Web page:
SC17 Denver, CO

Exploration of Supervised Machine Learning Techniques for Runtime Selection of CPU vs GPU Execution in Java Programs

Workshop: Fourth Workshop on Accelerator Programming Using Directives (WACCPD)
Authors: Akihiro Hayashi (Rice University)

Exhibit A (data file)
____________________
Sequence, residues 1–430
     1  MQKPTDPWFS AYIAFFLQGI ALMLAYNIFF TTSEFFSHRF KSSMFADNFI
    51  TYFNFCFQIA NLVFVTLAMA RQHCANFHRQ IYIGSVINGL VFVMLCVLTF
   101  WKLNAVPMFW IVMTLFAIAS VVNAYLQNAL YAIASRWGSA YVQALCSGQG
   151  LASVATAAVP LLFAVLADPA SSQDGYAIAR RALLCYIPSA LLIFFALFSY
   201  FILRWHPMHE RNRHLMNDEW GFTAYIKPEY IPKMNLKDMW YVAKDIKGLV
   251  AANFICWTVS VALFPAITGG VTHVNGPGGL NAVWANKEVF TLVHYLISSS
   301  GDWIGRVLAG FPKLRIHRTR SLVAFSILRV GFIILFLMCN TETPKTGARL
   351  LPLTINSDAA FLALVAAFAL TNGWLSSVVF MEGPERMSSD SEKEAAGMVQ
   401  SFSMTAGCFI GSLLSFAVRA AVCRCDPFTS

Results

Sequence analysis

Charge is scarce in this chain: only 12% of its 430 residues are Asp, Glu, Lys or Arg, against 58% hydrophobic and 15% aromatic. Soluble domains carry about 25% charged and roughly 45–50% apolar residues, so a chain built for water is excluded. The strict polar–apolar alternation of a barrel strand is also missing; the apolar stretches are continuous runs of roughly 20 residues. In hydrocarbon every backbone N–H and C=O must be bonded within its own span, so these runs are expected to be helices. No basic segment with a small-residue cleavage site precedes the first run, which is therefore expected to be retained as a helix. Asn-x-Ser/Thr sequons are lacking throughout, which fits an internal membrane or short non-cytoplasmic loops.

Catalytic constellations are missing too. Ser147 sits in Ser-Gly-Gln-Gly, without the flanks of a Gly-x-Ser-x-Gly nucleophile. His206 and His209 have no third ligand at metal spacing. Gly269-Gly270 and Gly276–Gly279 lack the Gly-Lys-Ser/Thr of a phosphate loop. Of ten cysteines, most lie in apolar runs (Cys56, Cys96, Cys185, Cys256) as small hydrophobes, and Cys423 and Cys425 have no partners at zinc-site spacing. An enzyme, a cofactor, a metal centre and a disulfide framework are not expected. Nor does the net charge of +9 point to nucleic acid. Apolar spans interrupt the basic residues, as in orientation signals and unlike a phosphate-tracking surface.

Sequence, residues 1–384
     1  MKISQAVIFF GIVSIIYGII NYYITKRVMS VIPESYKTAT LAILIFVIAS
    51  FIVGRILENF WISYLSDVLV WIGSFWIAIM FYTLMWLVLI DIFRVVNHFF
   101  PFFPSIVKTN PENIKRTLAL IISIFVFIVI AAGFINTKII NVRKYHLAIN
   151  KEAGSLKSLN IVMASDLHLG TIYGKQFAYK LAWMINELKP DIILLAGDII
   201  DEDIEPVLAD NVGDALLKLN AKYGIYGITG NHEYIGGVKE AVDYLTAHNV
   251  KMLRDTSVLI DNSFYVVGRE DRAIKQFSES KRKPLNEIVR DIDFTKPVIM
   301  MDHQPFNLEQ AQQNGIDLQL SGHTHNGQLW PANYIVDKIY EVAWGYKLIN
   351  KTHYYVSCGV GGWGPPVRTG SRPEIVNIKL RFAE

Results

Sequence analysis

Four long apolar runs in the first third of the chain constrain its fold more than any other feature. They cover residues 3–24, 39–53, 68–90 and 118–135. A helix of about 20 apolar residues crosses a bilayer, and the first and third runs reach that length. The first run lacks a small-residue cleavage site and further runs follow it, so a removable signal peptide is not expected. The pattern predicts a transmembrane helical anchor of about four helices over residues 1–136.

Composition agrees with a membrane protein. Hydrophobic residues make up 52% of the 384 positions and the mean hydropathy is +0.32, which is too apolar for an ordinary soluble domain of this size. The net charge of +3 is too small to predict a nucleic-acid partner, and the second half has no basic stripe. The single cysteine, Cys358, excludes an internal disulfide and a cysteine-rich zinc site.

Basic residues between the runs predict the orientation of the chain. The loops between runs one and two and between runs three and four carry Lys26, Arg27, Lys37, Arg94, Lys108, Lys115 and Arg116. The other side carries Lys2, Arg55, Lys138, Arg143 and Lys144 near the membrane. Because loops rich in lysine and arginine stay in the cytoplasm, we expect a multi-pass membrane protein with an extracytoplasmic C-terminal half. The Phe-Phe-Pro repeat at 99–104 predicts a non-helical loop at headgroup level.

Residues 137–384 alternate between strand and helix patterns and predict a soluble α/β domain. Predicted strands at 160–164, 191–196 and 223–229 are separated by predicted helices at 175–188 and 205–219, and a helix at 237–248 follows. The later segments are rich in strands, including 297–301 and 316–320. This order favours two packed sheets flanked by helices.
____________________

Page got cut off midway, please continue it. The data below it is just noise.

Abstract: While multi-core CPUs and many-core GPUs are both viable platforms for parallel computing, programming models for them can impose large burdens upon programmers due to their complex and low-level APIs. Since managed languages like Java are designed to be run on multiple platforms, parallel language constructs and APIs such as Java 8 Parallel Stream APIs can enable high-level parallel programming with the promise of performance portability for mainstream (“non-ninja”) programmers. To achieve this goal, it is important for the selection of the hardware device to be automated rather than be specified by the programmer, as is done in current programming models. Due to a variety of factors affecting performance, predicting a preferable device for faster performance of individual kernels remains a difficult problem. While a prior approach makes use of machine learning algorithms to address this challenge, there is no comparable study on good supervised machine learning algorithms and good program features to track. In this paper, we explore 1) program features to be extracted by a compiler and 2) various machine learning techniques that improve accuracy in prediction, thereby improving performance. The results show that an appropriate selection of program features and machine learning algorithms can further improve accuracy. In particular, support vector machines (SVMs), logistic regression, and J48 decision tree are found to be reliable techniques for building accurate prediction models from just two, three, or four program features, achieving accuracies of 99.66%, 98.63%, and 98.28% respectively from 5-fold-cross-validation.

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